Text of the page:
Timberline Blog

Commercial Heat Exchangers and Cooling Towers: What’s the Difference?

July 21, 2023 by Timberline

For commercial and industrial property owners, facility managers and other decision-makers, understanding your options for heating, cooling, and generally maintaining comfortable interior environments is essential.

Heating and air conditioning system for commercial building.

You don’t need to be an expert in the various technologies—that’s our job. But having basic knowledge about the climate control systems involved is helpful as you consider your options for devices and the company that will service and maintain them to keep them functioning properly.

Two terms you’re likely to hear as you prepare to build a new facility, upgrade an existing one, or replace aging HVAC systems are “heat exchanger” and “cooling tower.” This article explains what these terms mean

Commercial and Industrial HVAC Systems

One of the reasons terminology in this industry can be a little confusing is that it has to cover several separate but related functions. Specifically, HVAC stands for heating, ventilation, and air conditioning.

A commercial or industrial HVAC system has components for handling each task—warming an interior environment, cooling it, and moving air into, through, and out of it as needed. And, of course, there is a significant amount of overlap in these actions.

Heat exchangers and cooling towers are components within an HVAC system, as described below.

What Is a Commercial/Industrial Heat Exchanger and How Does It Work?

The simplest definition of a heat exchanger is a system that transfers (or exchanges) thermal energy (or heat) between two mediums (liquids, vapor, or gases). Depending on the type of system, the exchange can be gas-to-gas, liquid-to-gas, or liquid-to-liquid.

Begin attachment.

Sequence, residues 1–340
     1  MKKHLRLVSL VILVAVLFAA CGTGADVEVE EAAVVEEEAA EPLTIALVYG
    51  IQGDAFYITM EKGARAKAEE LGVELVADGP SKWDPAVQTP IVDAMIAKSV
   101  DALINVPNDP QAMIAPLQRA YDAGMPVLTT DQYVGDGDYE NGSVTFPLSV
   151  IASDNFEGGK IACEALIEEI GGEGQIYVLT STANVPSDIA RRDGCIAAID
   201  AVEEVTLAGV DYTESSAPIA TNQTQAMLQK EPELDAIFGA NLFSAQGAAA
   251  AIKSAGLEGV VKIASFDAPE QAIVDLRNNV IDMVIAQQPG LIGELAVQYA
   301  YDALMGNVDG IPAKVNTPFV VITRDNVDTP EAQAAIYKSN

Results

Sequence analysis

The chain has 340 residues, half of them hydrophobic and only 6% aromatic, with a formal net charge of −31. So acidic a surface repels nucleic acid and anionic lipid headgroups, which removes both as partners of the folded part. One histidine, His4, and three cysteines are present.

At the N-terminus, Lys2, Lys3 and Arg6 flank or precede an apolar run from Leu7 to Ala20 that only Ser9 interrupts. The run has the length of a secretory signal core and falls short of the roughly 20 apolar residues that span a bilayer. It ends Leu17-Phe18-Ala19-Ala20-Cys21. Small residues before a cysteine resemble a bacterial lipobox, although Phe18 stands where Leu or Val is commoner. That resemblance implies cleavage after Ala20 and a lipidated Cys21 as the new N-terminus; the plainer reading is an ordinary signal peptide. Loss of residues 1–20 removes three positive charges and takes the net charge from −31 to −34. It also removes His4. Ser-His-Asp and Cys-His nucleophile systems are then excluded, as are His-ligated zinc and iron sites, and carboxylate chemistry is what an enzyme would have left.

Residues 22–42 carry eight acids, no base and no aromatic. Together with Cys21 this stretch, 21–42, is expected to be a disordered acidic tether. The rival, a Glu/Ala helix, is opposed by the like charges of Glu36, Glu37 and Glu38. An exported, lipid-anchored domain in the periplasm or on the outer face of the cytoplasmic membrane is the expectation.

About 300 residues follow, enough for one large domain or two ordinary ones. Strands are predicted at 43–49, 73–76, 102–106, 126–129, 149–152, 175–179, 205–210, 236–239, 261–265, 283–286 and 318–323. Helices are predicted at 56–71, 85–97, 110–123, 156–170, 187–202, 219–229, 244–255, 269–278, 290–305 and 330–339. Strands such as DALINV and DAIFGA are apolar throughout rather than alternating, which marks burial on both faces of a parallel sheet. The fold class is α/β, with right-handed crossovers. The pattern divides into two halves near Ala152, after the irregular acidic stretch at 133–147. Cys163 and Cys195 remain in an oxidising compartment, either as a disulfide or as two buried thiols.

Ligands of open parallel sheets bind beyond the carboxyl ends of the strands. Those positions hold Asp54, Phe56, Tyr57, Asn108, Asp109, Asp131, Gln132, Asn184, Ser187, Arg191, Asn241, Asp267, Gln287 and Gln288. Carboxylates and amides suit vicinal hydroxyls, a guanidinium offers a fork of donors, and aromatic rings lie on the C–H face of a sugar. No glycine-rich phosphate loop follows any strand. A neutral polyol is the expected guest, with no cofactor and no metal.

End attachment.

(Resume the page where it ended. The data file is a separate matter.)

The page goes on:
The physics of heat transfer is beyond the scope of this article. But, essentially, a heat exchanger like a furnace heats air (by burning fuel or activating an electric coil) and then circulates it in some way to warm the rooms or areas in a building. Where things can get somewhat counterintuitive is that an air conditioning system is also a type of heat exchanger. In that case, the heat is being transferred from indoor spaces to the outdoors.

Many commercial and industrial building owners and managers find it easiest to think of heat as an “item” of sorts. It gets moved into or out of a facility based on conditions inside and outside of the building. In cold weather, when the outside environment is pulling heat out of a structure, you need to bring more energy into it. In summer, when the environment is pushing heat into the building, your HVAC system works to move it back out of the building.

That ongoing push and pull of heat is why you need systems that are correctly designed, implemented and serviced. Failing in any of those areas can lead to higher energy costs, component breakdowns, decreased system longevity, etc.

What Is a Cooling Tower and How Does It Work?

A cooling tower is a type of heat exchanger. If you’re familiar with evaporative cooling, like what occurs in a residential “swamp cooler,” you have an idea of how a cooling tower works.